Radiologic signs more than double sensitivity of MR imaging of knee

March 14, 2006

Radiologists can make a more accurate preoperative diagnosis of damage to knee cartilage by using four radiologic signs, according to a study from Duke University Medical Center. Using the signs to identify the extent and type of damage to knee cartilage makes interpreting MRI with a higher degree of accuracy easier for any radiologist, regardless of level of expertise.

Radiologists can make a more accurate preoperative diagnosis of damage to knee cartilage by using four radiologic signs, according to a study from Duke University Medical Center. Using the signs to identify the extent and type of damage to knee cartilage makes interpreting MRI with a higher degree of accuracy easier for any radiologist, regardless of level of expertise.

Reviewers correctly identified 17 of 19 radial meniscal tears (89%) using the four radiologic signs: the truncated triangle, cleft, marching cleft, and the ghost meniscus. Each of these signs describes a unique type of tear and damage to the cartilage of the knee. These types of tears are categorized based on easily recognizable patterns that show up on MRI (AJR 2005;185;1429-1434).

A meniscal tear exposes the underlying cartilage of the knee and can lead to accelerated wear and arthritis from the decreased structural integrity of the knee joint. Fortunately, some types of meniscal tears can be repaired. Radial tears, however, are frequently irreparable, and even a relatively small radial tear can lead to advanced wear, said lead author Dr. Keith Harper, a musculoskeletal radiologist at Duke.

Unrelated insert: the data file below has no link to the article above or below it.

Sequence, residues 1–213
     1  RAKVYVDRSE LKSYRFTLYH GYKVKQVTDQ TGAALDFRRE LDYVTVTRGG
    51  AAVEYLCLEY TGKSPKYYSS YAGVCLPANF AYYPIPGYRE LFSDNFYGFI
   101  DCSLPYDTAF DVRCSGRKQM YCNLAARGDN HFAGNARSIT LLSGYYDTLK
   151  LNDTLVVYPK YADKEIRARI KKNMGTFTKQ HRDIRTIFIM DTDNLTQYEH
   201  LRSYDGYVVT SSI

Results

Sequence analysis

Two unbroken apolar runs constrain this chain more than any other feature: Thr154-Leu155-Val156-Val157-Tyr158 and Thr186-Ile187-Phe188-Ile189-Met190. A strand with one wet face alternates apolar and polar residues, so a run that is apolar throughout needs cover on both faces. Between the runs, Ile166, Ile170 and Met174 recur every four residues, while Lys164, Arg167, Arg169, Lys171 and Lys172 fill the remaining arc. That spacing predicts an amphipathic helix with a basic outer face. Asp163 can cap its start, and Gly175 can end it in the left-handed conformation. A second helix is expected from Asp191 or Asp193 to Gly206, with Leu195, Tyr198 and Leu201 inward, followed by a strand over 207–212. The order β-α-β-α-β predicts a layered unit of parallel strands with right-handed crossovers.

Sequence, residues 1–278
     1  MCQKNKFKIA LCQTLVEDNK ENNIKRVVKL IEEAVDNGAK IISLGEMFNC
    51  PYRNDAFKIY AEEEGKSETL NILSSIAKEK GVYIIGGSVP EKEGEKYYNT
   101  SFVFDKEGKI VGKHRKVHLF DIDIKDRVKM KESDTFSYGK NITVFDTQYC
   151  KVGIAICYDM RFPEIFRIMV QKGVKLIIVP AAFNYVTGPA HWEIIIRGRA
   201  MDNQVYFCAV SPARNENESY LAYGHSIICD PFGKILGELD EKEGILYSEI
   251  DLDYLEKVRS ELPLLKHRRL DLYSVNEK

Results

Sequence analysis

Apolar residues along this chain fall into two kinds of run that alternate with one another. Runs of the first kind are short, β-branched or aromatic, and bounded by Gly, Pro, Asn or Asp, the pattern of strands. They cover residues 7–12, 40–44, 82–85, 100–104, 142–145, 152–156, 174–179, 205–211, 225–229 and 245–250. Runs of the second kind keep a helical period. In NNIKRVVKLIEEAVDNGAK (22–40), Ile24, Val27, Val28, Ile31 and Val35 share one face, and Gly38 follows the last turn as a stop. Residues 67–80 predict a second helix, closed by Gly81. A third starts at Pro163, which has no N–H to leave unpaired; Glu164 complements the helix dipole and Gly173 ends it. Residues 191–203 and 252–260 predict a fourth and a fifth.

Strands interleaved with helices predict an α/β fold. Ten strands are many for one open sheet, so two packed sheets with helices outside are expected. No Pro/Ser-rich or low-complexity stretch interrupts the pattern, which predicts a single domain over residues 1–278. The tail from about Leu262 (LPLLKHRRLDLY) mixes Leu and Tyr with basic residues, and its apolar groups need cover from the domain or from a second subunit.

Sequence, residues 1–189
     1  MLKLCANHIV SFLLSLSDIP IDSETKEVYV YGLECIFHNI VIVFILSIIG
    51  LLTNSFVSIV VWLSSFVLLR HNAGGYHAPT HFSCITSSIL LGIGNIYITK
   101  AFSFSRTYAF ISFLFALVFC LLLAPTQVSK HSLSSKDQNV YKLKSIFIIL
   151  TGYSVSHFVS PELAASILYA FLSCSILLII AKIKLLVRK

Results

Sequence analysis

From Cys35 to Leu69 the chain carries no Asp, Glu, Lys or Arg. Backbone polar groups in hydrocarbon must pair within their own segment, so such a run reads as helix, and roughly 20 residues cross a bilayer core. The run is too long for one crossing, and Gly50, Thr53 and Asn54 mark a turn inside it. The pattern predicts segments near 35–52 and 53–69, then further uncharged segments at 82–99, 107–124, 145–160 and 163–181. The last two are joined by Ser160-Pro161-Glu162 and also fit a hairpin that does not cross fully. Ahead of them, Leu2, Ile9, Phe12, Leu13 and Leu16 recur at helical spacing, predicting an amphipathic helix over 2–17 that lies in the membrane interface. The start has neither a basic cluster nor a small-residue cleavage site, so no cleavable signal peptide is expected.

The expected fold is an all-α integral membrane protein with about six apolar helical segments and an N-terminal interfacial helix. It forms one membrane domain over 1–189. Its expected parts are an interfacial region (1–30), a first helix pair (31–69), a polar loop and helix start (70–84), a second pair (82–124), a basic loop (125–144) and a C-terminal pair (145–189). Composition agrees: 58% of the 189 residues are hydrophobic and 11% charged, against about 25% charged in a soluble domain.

"It is advantageous to preoperatively identify potentially nonrepairable meniscal tears, such as radial tears," Harper said. "When possible and practical, repairing the damaged cartilage is significantly preferred to its removal."

Since treatment of meniscal tears is dependent on their configuration, size, and location, the characterization of the tear can help the surgeon and patient decide what type of surgery is necessary as well as what type of rehabilitation will be needed.

Radiologists can look for and easily recognize the four radiologic signs to prospectively identify radial tears. Using the signs increased the prospective characterization and sensitivity for the detection of radial tears from 37% to 89% in the study.

"We feel that by using the four signs, most radiologists who interpret knee MRIs should have a high degree of success of prospectively identifying radial meniscal tears," he said. "Since using the four signs is fairly easy, similar degrees of accuracy can be achieved by radiologists who may not be experts in the field of musculoskeletal radiology."

Harper said that they were surprised to find that the knowledge of specific and more objective signs for radial tears was a great help even for musculoskeletal radiologists with extensive experience interpreting knee MRIs.

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